How did Jenny McCarthy earn a platform at a cancer fundraiser?

The anti-vaccine crusader has just been dropped from an Ottawa fundraiser. Science-ish asks why she was there in the first place

Update Feb. 1, 5:15p.m.:

The Ottawa Regional Cancer Foundation has announced that Jenny McCarthy has been dropped from their fundraiser. 

“To be honest, we didn’t expect this kind of response,” Linda Eagen, president and chief executive of the Ottawa Regional Cancer Foundation told the Ottawa Citizen. “When we started to get that (negative) feedback where people were talking about anything but cancer, we just decided to move away from that.”

McCarthy tweeted the change of plans on her Twitter account: “So so sorry Ottawa! I had to pull out of event because of my new show taping conflict but will be back in a few months to make up for it!”

Science-ish blogger Julia Belluz wrote this column before the decision was announced: 

They say all publicity is good publicity, which can be the only way to explain why anti-vaccine campaigner Jenny McCarthy has been invited to appear at an Ottawa breast-cancer fundraiser next month.

McCarthy will be a guest fitness instructor at the Ottawa Regional Cancer Foundation’s March 2 “Bust A Move” event, which boasts Laureen Harper and an oncologist on its leadership committee. Inviting an anti-vaxxer to a health fundraiser is like getting Lance Armstrong to keynote a conference on honest sportsmanship. It’s just science-ish.

McCarthy is, after all, a pseudoscience peddler, credited with helping to bring back such vaccine-preventable diseases as measles and whooping cough. On the media rounds she has explained how vaccines gave her son Evan autism, which she cured with a special diet and supplements.  She also promotes other autism therapies, like the hyperbaric oxygen chamber.

Sadly, there is no cure for autism. The link between vaccine and autism is not controversial within the scientific community because it’s been discredited. Read all about it here. In sum: The study on which the vaccine-autism theory is based involved 12 children and no control group. It has been retracted and revealed to be a work of data manipulation. Of course, Andrew Wakefield—who authored the report and lost his medical licence for misconduct—co-wrote a book with McCarthy, titled Callous Disregard.

Here’s how event chair Bernice Rachkowski explained the committee’s choice to the Ottawa Citizen: “She’s funny, she’s very much a people person, she’s vivacious and full of life.” Plus, Rachkowski added, “she also appeals to our target demographic because we want to engage younger women in being aware of breast cancer, how to prevent it and to be aware of all the help that is available if they, their aunt or mom are going through it.”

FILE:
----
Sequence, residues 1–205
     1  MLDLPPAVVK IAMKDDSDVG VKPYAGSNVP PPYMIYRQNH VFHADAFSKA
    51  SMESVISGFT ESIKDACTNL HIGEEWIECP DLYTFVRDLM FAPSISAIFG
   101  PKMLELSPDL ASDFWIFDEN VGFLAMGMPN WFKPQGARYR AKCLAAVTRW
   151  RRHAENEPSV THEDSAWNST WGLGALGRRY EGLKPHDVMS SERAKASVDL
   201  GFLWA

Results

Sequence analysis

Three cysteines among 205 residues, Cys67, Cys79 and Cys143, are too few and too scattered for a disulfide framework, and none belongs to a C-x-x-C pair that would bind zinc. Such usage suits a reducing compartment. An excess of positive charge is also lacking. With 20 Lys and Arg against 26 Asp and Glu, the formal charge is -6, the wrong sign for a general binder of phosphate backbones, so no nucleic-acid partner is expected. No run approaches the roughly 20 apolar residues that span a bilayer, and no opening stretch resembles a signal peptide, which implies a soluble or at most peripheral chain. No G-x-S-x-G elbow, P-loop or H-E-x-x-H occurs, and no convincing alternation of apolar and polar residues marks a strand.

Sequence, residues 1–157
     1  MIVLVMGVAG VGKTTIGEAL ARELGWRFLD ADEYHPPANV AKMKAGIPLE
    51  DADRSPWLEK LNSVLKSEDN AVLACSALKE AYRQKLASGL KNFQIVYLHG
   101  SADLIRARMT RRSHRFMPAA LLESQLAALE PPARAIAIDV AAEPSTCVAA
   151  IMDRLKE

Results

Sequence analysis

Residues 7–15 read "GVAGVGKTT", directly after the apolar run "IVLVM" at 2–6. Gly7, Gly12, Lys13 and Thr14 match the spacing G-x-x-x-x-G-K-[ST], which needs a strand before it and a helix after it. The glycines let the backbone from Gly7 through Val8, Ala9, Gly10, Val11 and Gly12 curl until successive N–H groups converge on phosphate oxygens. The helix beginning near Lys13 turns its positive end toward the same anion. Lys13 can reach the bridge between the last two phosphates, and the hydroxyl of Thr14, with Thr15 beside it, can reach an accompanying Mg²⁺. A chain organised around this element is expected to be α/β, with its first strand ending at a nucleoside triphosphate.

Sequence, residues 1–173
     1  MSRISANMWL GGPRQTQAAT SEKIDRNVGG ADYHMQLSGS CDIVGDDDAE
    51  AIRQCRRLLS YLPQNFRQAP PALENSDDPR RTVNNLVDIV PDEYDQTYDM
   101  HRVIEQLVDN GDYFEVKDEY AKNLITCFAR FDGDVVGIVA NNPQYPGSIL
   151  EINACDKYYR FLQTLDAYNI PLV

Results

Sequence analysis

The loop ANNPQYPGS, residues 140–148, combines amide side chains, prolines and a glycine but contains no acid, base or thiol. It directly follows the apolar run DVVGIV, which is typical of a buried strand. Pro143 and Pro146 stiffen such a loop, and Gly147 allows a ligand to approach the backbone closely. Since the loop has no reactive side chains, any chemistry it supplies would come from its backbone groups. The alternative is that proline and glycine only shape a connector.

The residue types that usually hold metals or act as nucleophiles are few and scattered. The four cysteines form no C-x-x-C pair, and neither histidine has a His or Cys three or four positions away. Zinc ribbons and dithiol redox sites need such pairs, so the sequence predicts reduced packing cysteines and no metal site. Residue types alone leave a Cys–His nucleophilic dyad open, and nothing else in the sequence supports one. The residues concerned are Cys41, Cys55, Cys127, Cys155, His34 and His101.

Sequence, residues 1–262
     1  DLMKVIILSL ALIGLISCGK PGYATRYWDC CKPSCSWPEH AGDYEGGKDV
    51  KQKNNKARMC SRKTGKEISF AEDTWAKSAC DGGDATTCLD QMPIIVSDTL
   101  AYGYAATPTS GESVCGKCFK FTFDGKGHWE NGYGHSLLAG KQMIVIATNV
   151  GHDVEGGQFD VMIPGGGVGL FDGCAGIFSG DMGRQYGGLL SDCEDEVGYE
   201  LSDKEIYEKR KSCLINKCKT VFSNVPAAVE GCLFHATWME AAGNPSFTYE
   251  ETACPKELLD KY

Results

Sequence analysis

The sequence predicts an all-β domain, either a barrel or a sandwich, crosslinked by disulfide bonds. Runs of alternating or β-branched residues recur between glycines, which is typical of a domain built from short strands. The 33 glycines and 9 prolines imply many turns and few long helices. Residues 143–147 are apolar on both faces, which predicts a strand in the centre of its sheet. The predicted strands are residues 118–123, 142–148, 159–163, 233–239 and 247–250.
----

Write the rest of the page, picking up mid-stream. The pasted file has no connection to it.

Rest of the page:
In response, one of Canada’s leading infectious disease experts, Dr. Noni MacDonald, told Science-ish, “Jenny McCarthy is likely all the things this woman is saying, but she also disseminates misinformation that may be harmful to children.”

Since the news of McCarthy’s Ottawa appearance, a #DropJenny hashtag has spawned on Twitter, and local skeptics have lashed out. Dr. Joe Schwarcz (PhD), director of McGill University’s office for science and society, told Science-ish, “If an anti-vaccine (promoter) is what is needed to attract young women, I’m worried.” It seems the only link McCarthy has with health research is that she likes to routinely deny it. 

Schwarcz questioned if a credible Ottawa foundation is doing public health a disservice by giving McCarthy a platform. Dr. MacDonald asked if McCarthy will be paid with funds that were raised for regional cancer services. “Who would want to donate to an organization that chooses to pay someone well known for spreading false and dangerous information?”

Science-ish also wonders what the event says about the state of public-health discourse in Canada. Why is McCarthy a go-to health promoter? She actively works against science, and the best-available research evidence contradicts her messages. It’s not clear what drives her work in health, other than the fact she makes money selling lies.

Science-ish tried but was unable to contact Jenny McCarthy, Dr. Susan Dent, medical expert on the Bust A Move board, and event chair Bernice Rachkowsk. The communications co-ordinator and CEO at the Ottawa Regional Cancer Foundation also did not reply. 

In an effort to better understand how McCarthy became the celebrity face of breast health in Ottawa, here are questions Science-ish hopes the charity will answer. Science-ish will happily update this story when they do:

  1. Were you aware of McCarthy’s anti-vaccine views when you chose her for the Bust A Move event?
  2. Are you concerned about the public health implications of this choice?
  3. Do you see a conflict between McCarthy’s health messages and your work for health promotion?
  4. Do you really think McCarthy was the best choice to speak on health?
  5. How much is McCarthy being paid to appear at the event?
  6. Will those fees come from money raised for breast-cancer services?

Science-ish is a joint project of Maclean’s, the Medical Post and the McMaster Health Forum. Julia Belluz is the senior editor at the Medical Post. Got a tip? Seen something that’s Science-ish? Message her at or on Twitter @juliaoftoronto